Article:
What’s a Wheatstone?

Update: And the winner is... Greg Tankersley, maintenance technician at WBAL-TV.

Greg will receive a $25.00 Starbucks card for knowing that the company name Wheatstone was based on a famous piece of test equipment, the Wheatstone bridge.


I had the privilege to visit the Wheatstone factory this week. I’d been to the company’s home office before, but it was a long time back. And, the factory then was housed in a metal building located in Connecticut. Not so today. Things are way bigger and much more high-tech.

On Monday of this week, Emily Kalmus, a member of our sales team and I went to New Bern, NC to see Gary Snow, president of Wheatstone. While there, we were treated to a tour of the company’s factory by director of sales, Jay Tyler.

While touring vendor factories is common treat for editors, not all company’s factories are the same. Wheatstone’s is among the best I’ve seen. From the high-tech, in-house circuit board design, to panel and component fabrication, it’s a good example of a vendor who wants to maintain full quality control over its products. The factory tour illustrated the myriad of steps and talent it takes to create high-quality professional products.

I know the following discussion may not be what one would expect from a story about an audio console manufacturer. And, it has nothing to do with electronics, but the coolest thing I saw at the factory was a demonstration of powder coating finishes.

I’ve hear it mentioned and seen the results of powder coating several times on the History Channel’s TV show, “American Restoration”, but I didn’t understand what it meant. In fact, you probably have this type of finish on many of your current products, but do you know how the coating process works?

A key reason Wheatstone adopted powder coating for its products, according to Tyler, was that the process produces no volatile organic compounds, (VOCs). If you’re a manufacturer today, the last thing you want in your plant is VOCs. Producing VOCs means all kinds of environmental regulations, most of which I couldn’t even pronounce. Said Tyler, “Powder coating is very environmentally friendly, something we always try to be.”

To avoid all that enviro-regulation, while producing a high-quality product, Wheatstone uses the powder coating process on both metal and faux wood products. The process relies on a simple three-sided booth. It’s not necessary to an enclosed spray booth as would be the case with standard paint spraying. In the booth the components are hung by wire to a grounded bar and the powder coating is sprayed on them, much like a standard spray-painting process. As the spray gun propels the dry mixture towards the object the particles receive a electrically positive charge. The particles then stick to the grounded metal surfaces.

The coated components are then heated in a large oven at about 300 degrees for a few minutes. They are then removed and allowed to cool.

The result is a strong, smooth, rich-colored coating. The result is exactly what engineers have, for years, been trying to get for their home-brew projects with spray paint and Bud boxes, which never worked well for me.

With the proper preparation, Tyler said, the powder coating can even be used on non-metal surfaces like fiberboard. The result looks like hardwood or lexan, but it’s less expensive, more evo-friendly and equally strong. Another big plus for powder coatings is that the overspray can be recycled, or disposed of as regular trash. No VOCs, no pollutants. No government regulations.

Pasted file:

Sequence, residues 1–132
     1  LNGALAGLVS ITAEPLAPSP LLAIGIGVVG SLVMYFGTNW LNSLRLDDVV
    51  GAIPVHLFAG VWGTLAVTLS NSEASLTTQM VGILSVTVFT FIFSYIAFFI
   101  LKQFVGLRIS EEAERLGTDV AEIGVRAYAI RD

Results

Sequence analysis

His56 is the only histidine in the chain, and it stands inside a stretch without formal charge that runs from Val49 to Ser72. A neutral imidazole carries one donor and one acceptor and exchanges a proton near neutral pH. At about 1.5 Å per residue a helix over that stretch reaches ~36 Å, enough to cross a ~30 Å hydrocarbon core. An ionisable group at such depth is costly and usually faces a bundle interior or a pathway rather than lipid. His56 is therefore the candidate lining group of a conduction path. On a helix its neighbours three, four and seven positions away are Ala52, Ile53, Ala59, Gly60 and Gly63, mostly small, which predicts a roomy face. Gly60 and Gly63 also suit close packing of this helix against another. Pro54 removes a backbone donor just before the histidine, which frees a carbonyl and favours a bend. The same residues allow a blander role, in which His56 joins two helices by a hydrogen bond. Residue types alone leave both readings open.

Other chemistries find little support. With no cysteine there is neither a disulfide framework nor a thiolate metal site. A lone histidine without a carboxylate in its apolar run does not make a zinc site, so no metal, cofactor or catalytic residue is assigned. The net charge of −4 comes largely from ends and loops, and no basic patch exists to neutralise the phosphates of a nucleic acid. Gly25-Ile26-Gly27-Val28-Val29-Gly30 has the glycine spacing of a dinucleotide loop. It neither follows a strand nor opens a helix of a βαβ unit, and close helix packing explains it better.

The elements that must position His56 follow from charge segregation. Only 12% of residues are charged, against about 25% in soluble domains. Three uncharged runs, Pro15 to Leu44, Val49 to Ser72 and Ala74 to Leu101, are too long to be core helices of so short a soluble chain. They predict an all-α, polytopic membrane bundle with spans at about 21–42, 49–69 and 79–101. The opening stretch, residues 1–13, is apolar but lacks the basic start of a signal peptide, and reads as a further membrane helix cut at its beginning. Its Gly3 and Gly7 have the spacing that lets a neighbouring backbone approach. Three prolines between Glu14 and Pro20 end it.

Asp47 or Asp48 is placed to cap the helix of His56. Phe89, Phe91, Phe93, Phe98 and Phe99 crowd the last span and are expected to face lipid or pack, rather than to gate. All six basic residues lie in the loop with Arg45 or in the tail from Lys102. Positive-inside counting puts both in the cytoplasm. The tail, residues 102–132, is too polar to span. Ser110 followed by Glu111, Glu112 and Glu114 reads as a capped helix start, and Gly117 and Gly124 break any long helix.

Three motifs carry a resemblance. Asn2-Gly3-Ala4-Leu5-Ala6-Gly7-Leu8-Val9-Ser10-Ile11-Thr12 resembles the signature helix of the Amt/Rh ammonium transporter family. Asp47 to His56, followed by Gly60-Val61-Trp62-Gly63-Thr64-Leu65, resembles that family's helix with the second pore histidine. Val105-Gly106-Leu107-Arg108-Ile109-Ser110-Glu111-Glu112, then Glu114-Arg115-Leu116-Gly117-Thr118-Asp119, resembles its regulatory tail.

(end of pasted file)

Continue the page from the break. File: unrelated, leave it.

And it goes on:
I could go on about Wheatstone’s manufacturing process, but I found the painting aspect so cool I wanted to mention it. Sure wish the process could be home-brew.

After the tour I set down to visit with Gary Snow for a few minutes. We’ve know each other for many years, but have mostly met at shows with little time to visit about something other than new products.

This time I wanted to ask Gary more about his history.

Gary Snow’s first audio product was actually a disco mixer. A friend called and asked him if he could build a DJ mixer for a New York disco. This was in mid-1970’s and disco was just becoming popular. “Sure”, he replied. Soon he was building audio mixers for other discos and DJs.

One day, while installing one of his new mixers, he asked why the DJ wasn’t using a parametric equalizer to get more bass from the speakers. A what? asked the DJ. Soon Gary’s little company, called Audioarts, was also making parametric equalizers and powered cross-overs for dance venues. “I just showed them how to get more thump from their King Klipsch speakers,” said Gary.

One day, someone suggested he build a radio console. The rest is history.

I did have one question for Gary Snow that had bugged me for years. Where did you get the name “Wheatstone”, I asked. Gary smiled and said…….

I’m not going to tell you what he said…yet.

Let’s have a challenge. The winner will get a $25.00 Starbucks card.

Readers can enter the challenge by sending an email to the address below. In that email, tell me on what basis was the Wheatstone name derived. One winner will be drawn from the correct entries.

Entries must be from readers not employed by or associated in any way with the Wheatstone company. Only one entry per person.

Entries must be received before 12:00am, February 24th, 2012. Send your entries to editor@broadcastengineering.com. The subject line must say, “Starbucks card challenge”. A Broadcast Engineering staff member will draw one entry from all the correct answers received. All results are final.

The winner will be announced in a follow up post. Hint, think electronics.